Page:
Reese Witherspoon had a good morning: The Wild actress got her second Best Actress Oscar nomination (she previously won for Walk the Line), and her co-star Laura Dern, who plays Witherspoon’s mother in the film, also snagged a Best Supporting Actress nod. EW talked to Witherspoon about her big day.
EW: Were you awake?
Reese Witherspoon: I was asleep.
I’m surprised you can sleep through that! This is a big morning.
I mean, no. The baby was up a lot last night. I was in a mother coma.
Clearly no one told him that it was Oscar nominations day.
Clearly no one told him! He didn’t check his email! My kids were so excited and congratulating me, which was so nice.
How are you going to celebrate?
Well, probably with Laura Dern. She and I are so excited for our film. It’s just great. She and I are standing in front of really a hundred of people who helped this movie happen, and worked their butts off on it, and all that hard work paid off. It’s really wonderful to be recognized.
Have you talked to Cheryl Strayed yet?
I have! I talked to her this morning! She’s so cute! She called me. I was like, “It’s because of you, lady! It’s because of you! You were brave enough to put your story out there and tell the whole truth, and you wrote this beautiful book that people are so affected by and touched by, and here we are!” It’s the greatest gift of my life.
Have you plotted out where this second Oscar would go if you did win?
[Laughs] Um, no. I wouldn’t even dare to think about it. I’m really excited—this whole group of women is giving tremendous performances. I started a company two years ago to just create more interesting, dynamic roles for women onscreen, and we have not just myself and Laura, but now Rosamund Pike as well.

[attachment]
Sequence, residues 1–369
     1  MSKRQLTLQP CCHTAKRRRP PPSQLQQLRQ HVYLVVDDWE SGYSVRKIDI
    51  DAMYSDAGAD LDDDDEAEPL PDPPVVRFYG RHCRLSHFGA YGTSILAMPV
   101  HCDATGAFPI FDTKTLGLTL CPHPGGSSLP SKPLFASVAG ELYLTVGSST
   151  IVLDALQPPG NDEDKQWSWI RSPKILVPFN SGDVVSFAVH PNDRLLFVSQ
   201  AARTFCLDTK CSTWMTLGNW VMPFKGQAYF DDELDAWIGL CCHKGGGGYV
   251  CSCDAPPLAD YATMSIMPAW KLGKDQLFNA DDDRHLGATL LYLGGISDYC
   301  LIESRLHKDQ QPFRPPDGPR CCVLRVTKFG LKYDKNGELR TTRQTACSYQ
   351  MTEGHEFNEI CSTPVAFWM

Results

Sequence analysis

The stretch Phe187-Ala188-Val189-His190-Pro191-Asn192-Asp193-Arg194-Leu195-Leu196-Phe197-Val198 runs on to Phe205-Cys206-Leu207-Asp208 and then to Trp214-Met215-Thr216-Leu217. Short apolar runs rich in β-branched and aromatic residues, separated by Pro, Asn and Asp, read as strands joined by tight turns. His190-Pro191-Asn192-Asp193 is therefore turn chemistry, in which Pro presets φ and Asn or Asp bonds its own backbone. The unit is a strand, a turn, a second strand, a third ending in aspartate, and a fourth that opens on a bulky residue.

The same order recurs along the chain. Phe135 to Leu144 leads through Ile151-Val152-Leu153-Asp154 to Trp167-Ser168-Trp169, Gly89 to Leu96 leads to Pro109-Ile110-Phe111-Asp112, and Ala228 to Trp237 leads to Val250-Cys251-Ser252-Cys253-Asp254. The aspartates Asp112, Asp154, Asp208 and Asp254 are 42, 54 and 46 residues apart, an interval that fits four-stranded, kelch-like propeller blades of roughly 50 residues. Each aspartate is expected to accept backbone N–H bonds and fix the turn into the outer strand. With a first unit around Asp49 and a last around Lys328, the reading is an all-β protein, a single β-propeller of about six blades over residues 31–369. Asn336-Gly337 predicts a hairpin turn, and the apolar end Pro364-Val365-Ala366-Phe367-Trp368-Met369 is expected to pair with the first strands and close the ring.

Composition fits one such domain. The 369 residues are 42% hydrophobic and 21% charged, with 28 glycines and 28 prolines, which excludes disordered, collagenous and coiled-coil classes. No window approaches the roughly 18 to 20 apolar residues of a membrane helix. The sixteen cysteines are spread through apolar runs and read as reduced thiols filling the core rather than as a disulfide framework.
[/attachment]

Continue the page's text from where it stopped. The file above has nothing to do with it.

It must be that much more rewarding knowing that you shepherded these movies.
It’s a big deal, I have to say. You have an idea in your mind, and then to have it come to fruition this quickly is really exciting. It’s a watershed year for me. I can’t imagine ever having a year this good. [Laughs] I’m just trying to enjoy every second of it.
We’ve been calling it the Reese-aissance.
Ah, that’s so cool.
But you’ve felt like it’s been a great year?
It’s been wonderful. All I ever set out to do was create interesting roles—not good girls, not bad girls, just complex women in lead roles. To have these three performances recognized, and more importantly, have audiences go see these movies—we just [hit] $31 million for Wild. Obviously Gone Girl is off the charts in box office. It just shows you there’s a huge audience for films with complex female roles. Hopefully this will keep the motor going. Audiences are sending a message to these studios, that this is what they want to see.
Were there nominations that you were excited about? Or bummed out about?
I’m really excited for Wes Anderson and Grand Budapest Hotel. I think that’s such an artistic achievement. I was really blown away when I saw the film last March, and for a film to keep the momentum up that long. It really is a very technical achievement, but it’s some of Ralph Fienne’ss best work, I think. Whiplash is another movie I loved. That director, the way he made a tiny space and moved the camera so well. I saw the editor got nominated, which is so exciting. It’s great the Academy is recognizing films that are inventive and fresh, and people are putting their whole creative selves out there.
I wanted to ask you about Big Little Lies. Are you still thinking that will be for TV?
Yeah, yeah. So Nicole Kidman and I optioned that one. David E. Kelley is going to write it, and we’re trying to decide now which venue. But it will be like, an 8-part miniseries. I’m really excited because, talk about female roles—there’s like six in there. I’m keeping all my friends employed.
You’re like HR!
I would like to be considered head of HR in Hollywood.